Tips For Teachers

| November 14, 2012 | 0 Comments

By Mark Grace

Relations between parents and their children are harmoniously regulated through love and discipline. Love gives them support for development and discipline keeps them within the established orders of the family and society. The nature of the child is very tender and it is likely to take any shape or form and it can be distorted very quickly as well. If too much love is provided the child may turn wilful and if too much discipline is enforced, then he may close in or resent from inside.

Thus, he needs them both, just in right measure. The child is pliable like refined clay of a potter who is about to throw a pot. The potter uses both his hands, one on the inside and the other outside. The hand inside is the hand of love, which gives support for expansion, the hand on the outside is the hand of discipline, which keeps a firm control on the expansion within the required form. It is prescriptive and regulative in action. The parents have to act like a potter.

They must have the concept of a good civilised and cultured being which they wish the child to evolve into, and they must support with love from within for the expansion of the child and must regulate the child to conform to the universal nature with restrictive, prescriptive or punitive force. This will create a good character and a pleasant being. (Shantananda Saraswati1)

The education and upbringing of the young, much like a pendulum, swings between the apparently opposing poles of love and discipline. To stop the violent swinging from one pole to the other, what is required – both within the home and the school environment – is a harmonious balance, “just in right measure”, between love and discipline. The analogy of the potter and the clay is informative; where there is too much of one hand or the other, the pot will be misshapen and unbalanced.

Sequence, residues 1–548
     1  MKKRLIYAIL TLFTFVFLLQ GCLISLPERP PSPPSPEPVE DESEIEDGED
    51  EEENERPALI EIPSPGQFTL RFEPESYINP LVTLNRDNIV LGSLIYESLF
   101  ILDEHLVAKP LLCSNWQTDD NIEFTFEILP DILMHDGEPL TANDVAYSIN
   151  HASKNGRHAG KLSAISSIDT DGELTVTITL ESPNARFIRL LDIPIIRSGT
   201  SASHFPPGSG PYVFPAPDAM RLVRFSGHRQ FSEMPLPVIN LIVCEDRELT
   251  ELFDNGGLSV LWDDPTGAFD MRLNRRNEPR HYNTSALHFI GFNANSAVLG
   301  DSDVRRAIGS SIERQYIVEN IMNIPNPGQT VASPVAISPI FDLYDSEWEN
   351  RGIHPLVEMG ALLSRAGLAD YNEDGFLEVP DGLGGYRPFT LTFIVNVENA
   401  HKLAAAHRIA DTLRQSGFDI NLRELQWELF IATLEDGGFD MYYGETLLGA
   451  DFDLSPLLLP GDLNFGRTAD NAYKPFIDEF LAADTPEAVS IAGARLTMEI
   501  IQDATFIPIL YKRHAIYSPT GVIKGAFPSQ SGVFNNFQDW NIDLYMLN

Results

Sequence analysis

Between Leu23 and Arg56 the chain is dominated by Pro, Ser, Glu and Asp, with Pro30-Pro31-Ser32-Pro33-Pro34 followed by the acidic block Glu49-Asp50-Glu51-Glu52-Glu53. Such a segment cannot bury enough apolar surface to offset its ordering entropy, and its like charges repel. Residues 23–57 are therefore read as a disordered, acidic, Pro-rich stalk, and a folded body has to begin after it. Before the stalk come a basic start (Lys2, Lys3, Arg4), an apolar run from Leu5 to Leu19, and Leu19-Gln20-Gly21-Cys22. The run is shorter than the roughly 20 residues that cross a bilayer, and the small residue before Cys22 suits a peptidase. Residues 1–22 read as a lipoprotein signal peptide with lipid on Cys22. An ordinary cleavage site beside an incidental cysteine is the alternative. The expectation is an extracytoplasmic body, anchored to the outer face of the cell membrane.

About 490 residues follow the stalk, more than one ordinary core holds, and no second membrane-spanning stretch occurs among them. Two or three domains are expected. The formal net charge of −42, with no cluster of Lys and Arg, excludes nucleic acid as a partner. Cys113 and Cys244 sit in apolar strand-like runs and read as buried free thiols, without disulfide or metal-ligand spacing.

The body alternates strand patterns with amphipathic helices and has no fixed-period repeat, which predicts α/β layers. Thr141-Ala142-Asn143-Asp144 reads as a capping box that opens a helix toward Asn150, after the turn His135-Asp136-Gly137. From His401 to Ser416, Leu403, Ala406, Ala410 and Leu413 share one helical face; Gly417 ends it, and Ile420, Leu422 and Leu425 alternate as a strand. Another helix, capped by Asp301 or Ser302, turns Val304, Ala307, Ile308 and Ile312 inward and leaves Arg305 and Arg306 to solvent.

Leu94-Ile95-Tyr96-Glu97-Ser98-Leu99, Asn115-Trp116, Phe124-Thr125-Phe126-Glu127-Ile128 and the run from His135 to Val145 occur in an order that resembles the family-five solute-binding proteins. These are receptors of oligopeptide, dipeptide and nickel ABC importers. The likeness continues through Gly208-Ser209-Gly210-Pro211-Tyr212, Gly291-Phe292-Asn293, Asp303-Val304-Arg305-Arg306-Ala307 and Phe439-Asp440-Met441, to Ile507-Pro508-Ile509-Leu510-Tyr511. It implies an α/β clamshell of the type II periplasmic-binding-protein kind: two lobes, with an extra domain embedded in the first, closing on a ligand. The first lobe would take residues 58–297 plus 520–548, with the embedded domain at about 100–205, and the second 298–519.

As parents and teachers, we owe it to the child to ensure that both love and discipline are given in the required measure. This means that the adult must be sufficiently awake to realise what their own natural inclination is in relation to love and discipline. Once the natural inclination is recognised, it is important that the other be consciously practiced. In this way, the adult becomes more balanced and the child benefits from growing up in an environment that is both loving and regulated. Children who grow up in homes and schools where the balance between love and discipline has been established, become well-balanced human beings who are neither wilful nor resentful.

The second aspect referred to in the quote is that besides love and discipline, the parent and the school should have “the concept of a good civilised and cultured being which they wish the child to evolve into”. Each of the concepts of ‘good’, ‘cultured’ and ‘civilised’, while being value-laden, need to be unpacked so that an educational vision can be created that produces young adults who, besides having the skills to function effectively in a sophisticated technological society, also have the depth of character to live full and meaningful lives. The modern world has thrown its weight behind technological mastery.

There is little talk today in educational circles of producing ‘good’, ‘cultured’ and ‘civilised’ human beings. Balance needs to be maintained. “Love gives them (the children) support for development and discipline keeps them within the established orders of the family and society.” With this approach, much can be achieved in the most natural and harmonious way.

Category: Summer 2012

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